Shall We Kiss?: The Problems of the French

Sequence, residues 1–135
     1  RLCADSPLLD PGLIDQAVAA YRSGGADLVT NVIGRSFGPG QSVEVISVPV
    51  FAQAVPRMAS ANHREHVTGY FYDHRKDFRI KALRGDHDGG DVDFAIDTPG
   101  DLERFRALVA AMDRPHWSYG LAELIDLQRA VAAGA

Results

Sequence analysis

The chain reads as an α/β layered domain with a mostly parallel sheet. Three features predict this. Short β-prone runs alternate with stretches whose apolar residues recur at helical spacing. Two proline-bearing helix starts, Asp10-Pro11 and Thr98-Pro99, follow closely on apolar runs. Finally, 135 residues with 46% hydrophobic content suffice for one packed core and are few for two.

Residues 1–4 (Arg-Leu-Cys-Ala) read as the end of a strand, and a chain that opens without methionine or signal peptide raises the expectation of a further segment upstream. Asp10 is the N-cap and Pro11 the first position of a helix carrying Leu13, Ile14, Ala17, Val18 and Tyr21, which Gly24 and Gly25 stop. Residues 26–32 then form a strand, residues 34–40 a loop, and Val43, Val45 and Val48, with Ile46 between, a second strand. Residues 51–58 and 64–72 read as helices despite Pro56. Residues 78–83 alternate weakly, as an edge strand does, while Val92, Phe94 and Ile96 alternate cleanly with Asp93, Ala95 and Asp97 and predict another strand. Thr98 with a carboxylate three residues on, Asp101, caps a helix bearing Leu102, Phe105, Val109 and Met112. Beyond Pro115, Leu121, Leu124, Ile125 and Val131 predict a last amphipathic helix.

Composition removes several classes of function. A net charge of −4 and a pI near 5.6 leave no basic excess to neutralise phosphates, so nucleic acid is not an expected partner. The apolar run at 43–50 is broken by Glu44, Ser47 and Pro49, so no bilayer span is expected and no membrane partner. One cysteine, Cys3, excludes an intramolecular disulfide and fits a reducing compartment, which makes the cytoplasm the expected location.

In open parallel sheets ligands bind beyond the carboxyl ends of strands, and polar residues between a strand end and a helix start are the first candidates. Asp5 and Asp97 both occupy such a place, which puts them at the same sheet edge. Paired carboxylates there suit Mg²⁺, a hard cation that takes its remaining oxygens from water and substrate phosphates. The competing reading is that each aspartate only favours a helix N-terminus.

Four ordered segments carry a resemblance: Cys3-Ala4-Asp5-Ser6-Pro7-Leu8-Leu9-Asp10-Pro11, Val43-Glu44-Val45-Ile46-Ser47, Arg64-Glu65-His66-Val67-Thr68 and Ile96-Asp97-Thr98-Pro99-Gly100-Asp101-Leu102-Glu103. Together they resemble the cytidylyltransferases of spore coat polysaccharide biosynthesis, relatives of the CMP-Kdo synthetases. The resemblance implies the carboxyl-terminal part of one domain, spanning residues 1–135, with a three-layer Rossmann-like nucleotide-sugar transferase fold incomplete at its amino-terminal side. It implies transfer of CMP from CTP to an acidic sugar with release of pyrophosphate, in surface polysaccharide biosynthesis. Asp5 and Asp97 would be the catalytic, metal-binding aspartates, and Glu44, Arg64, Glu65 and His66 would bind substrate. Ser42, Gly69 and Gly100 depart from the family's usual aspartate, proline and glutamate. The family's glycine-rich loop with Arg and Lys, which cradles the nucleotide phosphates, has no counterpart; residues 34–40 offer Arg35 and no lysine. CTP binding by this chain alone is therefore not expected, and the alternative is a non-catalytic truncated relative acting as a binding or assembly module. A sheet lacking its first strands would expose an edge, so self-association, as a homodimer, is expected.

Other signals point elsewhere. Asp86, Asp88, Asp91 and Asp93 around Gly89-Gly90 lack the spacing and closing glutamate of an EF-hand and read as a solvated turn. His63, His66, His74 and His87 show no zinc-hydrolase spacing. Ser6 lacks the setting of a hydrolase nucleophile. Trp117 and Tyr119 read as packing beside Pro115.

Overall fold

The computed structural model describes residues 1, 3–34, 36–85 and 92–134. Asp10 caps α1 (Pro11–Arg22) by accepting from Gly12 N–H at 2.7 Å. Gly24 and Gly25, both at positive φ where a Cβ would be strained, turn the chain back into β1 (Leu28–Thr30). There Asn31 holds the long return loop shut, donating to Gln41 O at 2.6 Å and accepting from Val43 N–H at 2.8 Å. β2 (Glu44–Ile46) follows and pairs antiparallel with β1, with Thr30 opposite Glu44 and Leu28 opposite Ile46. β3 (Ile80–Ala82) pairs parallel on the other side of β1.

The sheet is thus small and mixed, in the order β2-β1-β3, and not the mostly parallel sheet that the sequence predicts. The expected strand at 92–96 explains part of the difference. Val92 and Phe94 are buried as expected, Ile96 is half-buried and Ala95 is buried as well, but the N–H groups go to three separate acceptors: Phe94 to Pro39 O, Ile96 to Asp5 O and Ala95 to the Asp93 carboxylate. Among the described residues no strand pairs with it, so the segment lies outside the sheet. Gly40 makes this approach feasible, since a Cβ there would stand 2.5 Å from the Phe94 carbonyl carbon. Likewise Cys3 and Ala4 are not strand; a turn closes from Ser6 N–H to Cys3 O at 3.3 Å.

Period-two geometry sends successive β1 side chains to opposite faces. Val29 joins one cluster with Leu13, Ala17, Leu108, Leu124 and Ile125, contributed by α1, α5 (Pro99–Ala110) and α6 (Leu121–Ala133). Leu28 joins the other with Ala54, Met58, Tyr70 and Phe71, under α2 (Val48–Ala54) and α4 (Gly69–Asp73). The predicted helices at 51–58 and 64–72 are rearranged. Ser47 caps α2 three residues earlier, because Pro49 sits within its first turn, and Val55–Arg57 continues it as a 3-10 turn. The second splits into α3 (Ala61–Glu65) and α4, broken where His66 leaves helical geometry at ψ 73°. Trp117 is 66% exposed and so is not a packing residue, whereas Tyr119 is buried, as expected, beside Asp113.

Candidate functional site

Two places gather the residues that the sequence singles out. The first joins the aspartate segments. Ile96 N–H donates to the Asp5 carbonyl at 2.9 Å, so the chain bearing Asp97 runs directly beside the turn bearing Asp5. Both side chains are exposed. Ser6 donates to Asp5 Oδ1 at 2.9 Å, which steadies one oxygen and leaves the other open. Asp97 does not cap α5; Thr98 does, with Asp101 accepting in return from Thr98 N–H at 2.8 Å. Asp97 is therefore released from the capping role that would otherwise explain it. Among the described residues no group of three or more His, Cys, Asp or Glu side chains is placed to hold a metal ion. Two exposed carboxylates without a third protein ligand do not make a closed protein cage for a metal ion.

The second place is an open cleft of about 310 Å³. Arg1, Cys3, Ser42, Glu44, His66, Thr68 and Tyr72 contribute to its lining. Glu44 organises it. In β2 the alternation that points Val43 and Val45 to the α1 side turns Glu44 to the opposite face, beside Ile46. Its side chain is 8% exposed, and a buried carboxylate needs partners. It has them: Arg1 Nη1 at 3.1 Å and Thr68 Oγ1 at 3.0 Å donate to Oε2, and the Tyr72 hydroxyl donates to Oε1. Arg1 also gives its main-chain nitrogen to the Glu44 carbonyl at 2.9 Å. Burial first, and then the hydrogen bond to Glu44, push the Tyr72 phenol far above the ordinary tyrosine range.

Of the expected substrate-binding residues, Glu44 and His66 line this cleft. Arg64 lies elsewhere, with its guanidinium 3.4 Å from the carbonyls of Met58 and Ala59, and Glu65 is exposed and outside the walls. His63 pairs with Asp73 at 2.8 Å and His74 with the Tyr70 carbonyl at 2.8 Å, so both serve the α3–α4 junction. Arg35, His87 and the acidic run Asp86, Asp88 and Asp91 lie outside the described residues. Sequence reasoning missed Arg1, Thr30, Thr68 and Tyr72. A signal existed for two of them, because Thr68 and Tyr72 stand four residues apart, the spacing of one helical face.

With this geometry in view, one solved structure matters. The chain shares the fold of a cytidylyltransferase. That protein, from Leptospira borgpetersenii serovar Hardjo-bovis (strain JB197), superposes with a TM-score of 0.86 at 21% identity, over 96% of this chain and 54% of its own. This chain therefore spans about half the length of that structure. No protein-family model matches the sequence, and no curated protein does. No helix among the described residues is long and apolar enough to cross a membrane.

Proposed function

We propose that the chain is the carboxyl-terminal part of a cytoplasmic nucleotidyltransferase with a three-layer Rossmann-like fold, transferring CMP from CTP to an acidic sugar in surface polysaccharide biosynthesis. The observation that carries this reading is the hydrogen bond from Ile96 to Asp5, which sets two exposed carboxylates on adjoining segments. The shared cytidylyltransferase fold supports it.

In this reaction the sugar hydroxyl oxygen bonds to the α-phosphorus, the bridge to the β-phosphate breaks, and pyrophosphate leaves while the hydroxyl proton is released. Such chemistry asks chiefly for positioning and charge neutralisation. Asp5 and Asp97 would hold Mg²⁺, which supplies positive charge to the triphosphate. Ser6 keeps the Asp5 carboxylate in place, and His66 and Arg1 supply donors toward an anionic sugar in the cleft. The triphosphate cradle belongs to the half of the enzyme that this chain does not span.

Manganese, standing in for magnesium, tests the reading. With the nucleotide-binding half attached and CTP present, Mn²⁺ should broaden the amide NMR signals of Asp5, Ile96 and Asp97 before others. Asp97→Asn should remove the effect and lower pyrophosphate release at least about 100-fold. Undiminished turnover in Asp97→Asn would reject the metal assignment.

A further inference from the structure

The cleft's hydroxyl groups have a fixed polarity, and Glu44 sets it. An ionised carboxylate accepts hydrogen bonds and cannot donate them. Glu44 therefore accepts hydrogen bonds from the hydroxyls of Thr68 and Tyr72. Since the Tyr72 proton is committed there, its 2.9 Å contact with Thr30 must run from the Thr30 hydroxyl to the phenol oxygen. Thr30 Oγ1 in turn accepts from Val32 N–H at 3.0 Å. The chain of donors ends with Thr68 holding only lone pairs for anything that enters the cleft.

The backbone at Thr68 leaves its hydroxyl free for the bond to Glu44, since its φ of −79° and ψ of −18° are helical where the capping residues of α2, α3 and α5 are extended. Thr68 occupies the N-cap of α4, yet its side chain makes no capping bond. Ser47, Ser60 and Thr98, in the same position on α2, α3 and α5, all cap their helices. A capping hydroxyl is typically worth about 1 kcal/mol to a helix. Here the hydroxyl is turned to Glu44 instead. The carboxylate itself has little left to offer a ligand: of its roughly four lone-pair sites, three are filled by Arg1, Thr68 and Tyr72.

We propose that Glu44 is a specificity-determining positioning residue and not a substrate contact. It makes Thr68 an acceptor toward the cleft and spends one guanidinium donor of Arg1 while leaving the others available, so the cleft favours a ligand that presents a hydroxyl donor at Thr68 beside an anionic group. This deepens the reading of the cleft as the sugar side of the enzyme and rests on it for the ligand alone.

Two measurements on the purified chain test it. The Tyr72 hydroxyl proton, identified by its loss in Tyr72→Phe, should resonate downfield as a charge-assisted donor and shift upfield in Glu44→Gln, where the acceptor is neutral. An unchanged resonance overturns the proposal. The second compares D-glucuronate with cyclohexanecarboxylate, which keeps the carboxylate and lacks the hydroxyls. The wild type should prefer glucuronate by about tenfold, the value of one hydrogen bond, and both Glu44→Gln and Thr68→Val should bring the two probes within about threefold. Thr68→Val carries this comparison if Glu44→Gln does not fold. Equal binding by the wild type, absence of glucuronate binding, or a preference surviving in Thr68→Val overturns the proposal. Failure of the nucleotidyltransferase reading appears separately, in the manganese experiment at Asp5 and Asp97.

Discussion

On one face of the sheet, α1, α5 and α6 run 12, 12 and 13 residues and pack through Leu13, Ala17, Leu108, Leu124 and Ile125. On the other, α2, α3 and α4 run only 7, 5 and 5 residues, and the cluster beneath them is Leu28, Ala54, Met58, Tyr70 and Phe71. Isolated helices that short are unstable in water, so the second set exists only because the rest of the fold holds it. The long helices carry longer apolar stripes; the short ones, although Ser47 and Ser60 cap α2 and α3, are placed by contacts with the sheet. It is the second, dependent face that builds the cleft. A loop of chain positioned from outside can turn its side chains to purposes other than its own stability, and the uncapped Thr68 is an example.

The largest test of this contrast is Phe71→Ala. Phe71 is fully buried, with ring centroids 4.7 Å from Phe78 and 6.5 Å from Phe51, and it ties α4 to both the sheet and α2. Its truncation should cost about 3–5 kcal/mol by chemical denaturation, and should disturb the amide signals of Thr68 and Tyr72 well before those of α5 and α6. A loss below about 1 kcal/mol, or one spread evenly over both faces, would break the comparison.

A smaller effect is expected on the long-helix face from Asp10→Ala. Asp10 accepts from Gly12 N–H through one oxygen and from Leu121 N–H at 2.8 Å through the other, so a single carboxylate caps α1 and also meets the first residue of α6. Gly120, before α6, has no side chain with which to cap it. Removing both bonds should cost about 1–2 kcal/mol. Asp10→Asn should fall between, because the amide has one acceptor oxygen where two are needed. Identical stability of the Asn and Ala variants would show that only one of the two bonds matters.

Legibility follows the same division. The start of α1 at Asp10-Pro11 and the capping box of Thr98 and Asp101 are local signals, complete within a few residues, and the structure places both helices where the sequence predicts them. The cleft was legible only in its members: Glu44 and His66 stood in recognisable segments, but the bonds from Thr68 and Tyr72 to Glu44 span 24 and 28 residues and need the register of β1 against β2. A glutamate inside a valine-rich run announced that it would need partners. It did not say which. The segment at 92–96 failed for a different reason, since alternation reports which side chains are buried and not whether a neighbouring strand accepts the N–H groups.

If they're French, even dweebs get to lounge around tastefully beige Paris interiors clutching long-stemmed glasses of merlot while discussing the potential collateral damage of an exploratory kiss on the lips. In Emmanuel Mouret's comedie d'amour, the writer-director plays a skinny, cow-eyed math teacher who asks his best friend, a skinny, sloe-eyed, and very married scientist played by Virginie Ledoyen, to kick-start his dormant libido. She agrees with misgivings, the two rationalists fall helplessly in love, and from that moment on in this more masturbatory than carnal folie, they never shut up. The interesting question buried in all this gassing about whether we want what's forbidden because it's forbidden, whether it's all worth the bother, and who will get hurt, hinges on the battle between desire and—is it ethics or etiquette? I couldn't quite tell. To Mouret's credit, he doesn't dismiss the question as trivial or bourgeois. But despite the tale-within-a-tale structure that spells out what's at stake, the director is so much more reluctant than his fastidious characters to play the moralist, which means that Shall We Kiss? (a title that implies a different line of inquiry than the more assertive French, Un Baiser S'il Vous Plait) bogs down in the philosophical shallow end and never quite recovers from what's clearly meant to be a deceptively light tone.

 
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